Published: Tue, March 13, 2018
Worldwide | By Isabel Fisher

OPEC could agree in June to start easing oil output cuts

OPEC could agree in June to start easing oil output cuts

Zanganeh also told the WSJ in an interview that Iran wanted OPEC to work to keep oil prices around $60 a barrel to contain USA shale oil production.

WTI settled down 68 cents to $61.36 per barrel while Brent fell 50 cents to $64.99 per barrel.

Brent sweet crude traded at $65.70 per barrel on Monday, an increase of 21 cents or 0.3 percent from its previous close.

Traders attributed the recent increase to a drop in the number of USA drilling rigs for production and the reported job increase in the United States which is expected to push fuel demand higher.

Williams also pointed out that based on the figures, US shale plays this year will "add enough to USA production to match all the oil Venezuela now produces". The OPEC deal is under threat, ING commodities strategist said, because us crude supplies are displacing OPEC's.

On Friday, Baker Hughes said the U.S. rig count dropped for the first time in seven weeks. "They continue to give market share away to the U.S". A stronger dollar would likely dent oil prices. At stake is OPEC's production limits, which are among factors helping the oil market's monthslong recovery.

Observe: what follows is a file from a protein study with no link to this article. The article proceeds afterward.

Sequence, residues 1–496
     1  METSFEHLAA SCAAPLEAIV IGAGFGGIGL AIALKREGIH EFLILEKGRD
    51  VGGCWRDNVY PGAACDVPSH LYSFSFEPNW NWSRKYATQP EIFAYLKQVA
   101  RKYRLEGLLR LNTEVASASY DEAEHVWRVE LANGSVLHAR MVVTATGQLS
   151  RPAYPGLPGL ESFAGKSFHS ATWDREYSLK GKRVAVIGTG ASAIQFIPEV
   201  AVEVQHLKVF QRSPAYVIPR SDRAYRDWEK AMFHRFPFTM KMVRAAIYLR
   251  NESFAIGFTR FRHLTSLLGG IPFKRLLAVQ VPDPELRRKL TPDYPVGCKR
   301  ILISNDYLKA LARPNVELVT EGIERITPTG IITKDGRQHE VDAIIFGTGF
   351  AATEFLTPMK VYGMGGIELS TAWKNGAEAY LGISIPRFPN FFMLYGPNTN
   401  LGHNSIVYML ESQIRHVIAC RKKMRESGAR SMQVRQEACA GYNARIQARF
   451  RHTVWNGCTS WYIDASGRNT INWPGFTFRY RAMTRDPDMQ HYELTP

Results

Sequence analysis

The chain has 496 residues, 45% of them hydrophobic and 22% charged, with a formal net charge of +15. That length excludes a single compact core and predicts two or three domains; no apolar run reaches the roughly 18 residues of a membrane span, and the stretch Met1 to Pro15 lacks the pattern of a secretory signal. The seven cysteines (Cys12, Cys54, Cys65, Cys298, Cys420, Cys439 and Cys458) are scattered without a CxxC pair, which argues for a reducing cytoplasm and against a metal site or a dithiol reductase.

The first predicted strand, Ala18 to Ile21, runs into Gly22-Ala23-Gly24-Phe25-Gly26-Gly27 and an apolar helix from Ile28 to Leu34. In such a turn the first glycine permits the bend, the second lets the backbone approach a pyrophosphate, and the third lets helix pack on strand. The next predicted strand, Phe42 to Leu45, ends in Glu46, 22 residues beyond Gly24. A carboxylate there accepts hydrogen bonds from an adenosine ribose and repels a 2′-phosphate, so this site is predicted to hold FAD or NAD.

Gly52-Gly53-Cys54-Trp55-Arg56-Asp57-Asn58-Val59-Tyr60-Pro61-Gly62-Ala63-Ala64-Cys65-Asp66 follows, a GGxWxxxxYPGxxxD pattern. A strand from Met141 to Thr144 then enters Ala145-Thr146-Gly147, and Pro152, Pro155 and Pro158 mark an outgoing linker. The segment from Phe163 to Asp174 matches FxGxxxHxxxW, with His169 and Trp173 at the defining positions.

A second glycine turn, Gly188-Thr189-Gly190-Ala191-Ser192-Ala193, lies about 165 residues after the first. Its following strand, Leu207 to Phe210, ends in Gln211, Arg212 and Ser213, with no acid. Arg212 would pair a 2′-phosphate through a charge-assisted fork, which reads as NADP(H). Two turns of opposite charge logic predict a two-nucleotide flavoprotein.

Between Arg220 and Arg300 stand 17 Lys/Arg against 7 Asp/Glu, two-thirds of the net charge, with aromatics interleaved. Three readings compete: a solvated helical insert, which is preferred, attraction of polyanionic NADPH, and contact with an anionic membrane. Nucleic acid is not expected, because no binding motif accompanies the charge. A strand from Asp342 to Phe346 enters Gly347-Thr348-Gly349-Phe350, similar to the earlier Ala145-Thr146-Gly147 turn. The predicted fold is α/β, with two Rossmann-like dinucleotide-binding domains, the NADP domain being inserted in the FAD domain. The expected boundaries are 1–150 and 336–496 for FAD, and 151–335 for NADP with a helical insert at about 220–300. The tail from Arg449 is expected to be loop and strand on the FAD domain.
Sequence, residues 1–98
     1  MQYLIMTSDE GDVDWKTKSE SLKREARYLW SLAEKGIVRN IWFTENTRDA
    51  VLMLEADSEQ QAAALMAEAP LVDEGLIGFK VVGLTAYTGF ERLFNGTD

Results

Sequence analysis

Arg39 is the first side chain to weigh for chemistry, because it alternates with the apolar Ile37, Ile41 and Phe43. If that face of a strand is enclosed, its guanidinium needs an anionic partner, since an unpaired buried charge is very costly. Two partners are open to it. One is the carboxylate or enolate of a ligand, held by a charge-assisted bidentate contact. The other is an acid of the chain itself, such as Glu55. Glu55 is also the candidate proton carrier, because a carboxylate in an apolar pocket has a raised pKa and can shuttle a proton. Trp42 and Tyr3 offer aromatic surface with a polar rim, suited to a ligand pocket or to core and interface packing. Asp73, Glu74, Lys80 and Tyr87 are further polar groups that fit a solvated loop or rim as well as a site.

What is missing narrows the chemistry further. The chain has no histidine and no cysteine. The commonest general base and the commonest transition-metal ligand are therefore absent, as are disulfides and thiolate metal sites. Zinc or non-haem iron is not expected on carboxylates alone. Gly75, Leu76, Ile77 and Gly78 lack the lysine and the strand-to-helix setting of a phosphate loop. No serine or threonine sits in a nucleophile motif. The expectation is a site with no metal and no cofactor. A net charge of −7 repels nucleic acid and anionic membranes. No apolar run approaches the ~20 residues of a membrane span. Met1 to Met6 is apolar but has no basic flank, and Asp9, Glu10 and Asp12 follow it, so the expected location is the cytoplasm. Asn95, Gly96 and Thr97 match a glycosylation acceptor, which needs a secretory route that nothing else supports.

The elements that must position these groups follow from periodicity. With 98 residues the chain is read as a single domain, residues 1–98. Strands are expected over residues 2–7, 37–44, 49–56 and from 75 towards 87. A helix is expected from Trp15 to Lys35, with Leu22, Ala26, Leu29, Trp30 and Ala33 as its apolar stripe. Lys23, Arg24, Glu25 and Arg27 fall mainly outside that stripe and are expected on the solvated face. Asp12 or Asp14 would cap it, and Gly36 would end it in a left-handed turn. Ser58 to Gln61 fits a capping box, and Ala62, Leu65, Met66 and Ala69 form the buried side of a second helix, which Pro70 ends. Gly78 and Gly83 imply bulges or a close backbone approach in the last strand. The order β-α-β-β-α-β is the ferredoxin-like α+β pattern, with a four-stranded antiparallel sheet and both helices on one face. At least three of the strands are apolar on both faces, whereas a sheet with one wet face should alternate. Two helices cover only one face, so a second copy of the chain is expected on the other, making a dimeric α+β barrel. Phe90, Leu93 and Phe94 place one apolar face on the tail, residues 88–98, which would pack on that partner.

CNBC noted that hedge funds and money managers have pared their bullish wagers on WTI, with long positions falling last week for the first time in three weeks; meanwhile, gross short positions (bets that prices will fall) on the New York Mercantile Exchange climbed to their highest level in almost a month.

According to Baker Hughes energy services firm, USA energy companies cut oil rigs for the first time in nearly two months, with drillers cutting back four rigs, to 796.

Still, the United States is now the world's no. 2 crude oil producer, ahead of top exporter Saudi Arabia.

Nymex reformulated gasoline blendstock-the benchmark gasoline contract-fell 0.6% to $1.89 a gallon.

April natural gas bucked the downtrend among its energy peers, settling up 1.7% at $2.778 per million British thermal units, with forecasts for more cold weather in the eastern USA boosting expectations for heating demand.

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